Wednesday, November 12, 2014

(Part 4) Touching the Heights of Taobat Bala

A Lawn Print Butterfly in Taobat
This is Neelum Valley Travelogue Part 4
Click here for Part 3 Part 2  Part 1

Day 5: Friday, August 22, 2014

Unlike last night, Urooba and kids had a peaceful sleep this time. The locals must have done something to hush away the bear which played havoc in their fields the preceding evening.

Chasing Sunrays
In the morning, I woke up early to have a stroll around. It was cold out there forcing me to chase the peeking sunrays. Nearby, at an army check post, a cadet was enjoying the fresh solar energy so I sat with him. Originally from Punjab, he sounded like a proud soldier and was pretty talkative. We had a nice chat discussing the life on the battlefield which was obviously tough and thankless. It gets tougher in winters especially on the forward posts, which are located at a height facing the Indian ones. It is so intense that sometimes it takes several weeks that they get a chance to talk to their loved ones back home. He also shared his experiences when he visited Karachi and worked in a textile factory before joining the Army.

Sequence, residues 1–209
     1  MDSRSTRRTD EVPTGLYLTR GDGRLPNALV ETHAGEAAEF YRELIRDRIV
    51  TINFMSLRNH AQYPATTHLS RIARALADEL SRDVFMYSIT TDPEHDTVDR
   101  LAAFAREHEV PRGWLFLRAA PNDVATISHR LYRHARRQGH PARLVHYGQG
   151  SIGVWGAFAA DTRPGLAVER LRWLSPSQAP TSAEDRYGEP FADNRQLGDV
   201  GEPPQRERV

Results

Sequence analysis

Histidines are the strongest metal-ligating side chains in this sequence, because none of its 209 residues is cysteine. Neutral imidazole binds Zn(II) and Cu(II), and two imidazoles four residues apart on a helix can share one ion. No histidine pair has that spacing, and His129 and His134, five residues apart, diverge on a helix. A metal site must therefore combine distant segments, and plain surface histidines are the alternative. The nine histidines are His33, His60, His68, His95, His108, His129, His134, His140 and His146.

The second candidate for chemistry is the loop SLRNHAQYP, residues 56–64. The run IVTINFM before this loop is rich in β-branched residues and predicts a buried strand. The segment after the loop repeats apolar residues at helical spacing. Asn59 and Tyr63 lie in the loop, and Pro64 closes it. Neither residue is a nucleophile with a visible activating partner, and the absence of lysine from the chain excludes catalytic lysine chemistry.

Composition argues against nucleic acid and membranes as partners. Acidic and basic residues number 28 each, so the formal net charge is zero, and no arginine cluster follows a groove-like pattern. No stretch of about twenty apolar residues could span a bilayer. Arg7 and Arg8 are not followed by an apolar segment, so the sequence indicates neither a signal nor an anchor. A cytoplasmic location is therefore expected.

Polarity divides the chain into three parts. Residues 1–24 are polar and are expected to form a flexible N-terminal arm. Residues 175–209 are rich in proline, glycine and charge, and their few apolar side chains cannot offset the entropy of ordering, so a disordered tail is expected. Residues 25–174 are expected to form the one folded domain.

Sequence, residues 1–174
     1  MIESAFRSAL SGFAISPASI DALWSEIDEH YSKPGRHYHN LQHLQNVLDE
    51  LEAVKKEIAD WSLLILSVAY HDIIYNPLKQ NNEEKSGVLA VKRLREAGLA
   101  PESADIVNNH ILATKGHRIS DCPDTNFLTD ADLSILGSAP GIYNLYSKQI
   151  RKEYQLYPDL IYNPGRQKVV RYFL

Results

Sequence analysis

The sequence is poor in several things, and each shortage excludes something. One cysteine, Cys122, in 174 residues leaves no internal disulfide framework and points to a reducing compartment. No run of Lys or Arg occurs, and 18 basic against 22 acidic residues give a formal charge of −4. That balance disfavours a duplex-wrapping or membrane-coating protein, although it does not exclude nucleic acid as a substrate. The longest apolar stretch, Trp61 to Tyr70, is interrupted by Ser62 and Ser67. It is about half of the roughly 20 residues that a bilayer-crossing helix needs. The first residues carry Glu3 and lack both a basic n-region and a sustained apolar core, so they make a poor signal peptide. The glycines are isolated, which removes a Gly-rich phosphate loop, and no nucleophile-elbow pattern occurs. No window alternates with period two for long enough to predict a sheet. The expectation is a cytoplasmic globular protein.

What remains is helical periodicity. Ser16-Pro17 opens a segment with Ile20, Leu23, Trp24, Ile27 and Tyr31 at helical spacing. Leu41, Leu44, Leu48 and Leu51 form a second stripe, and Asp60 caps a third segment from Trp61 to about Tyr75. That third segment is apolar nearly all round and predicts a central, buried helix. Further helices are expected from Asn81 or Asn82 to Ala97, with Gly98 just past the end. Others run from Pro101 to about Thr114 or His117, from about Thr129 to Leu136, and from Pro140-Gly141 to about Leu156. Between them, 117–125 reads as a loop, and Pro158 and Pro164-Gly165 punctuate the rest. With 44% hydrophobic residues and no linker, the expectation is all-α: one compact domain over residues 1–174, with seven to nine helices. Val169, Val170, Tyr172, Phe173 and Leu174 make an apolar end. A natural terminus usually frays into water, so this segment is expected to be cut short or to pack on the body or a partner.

Going Natural

In the meantime Abdul Hai arrived with the kettle. For this trip, we resolved to feed the children with the nutritious fresh milk rather than resorting to the packaged or powdered one. But unlike Karachi, or any other city for that matter, we did not find dairy shops around Neelum Valley. Instead, the milk had to be obtained from a household which was not easy without the local support. The milk tasted different, a bit sweeter and tangy, like flavored milk, probably because of the variety of shrubs and herbs the cattle could graze on. Luckily, not only both the kids liked the taste but their gastronomical system also accepted the change!

Hiking to Taobat Bala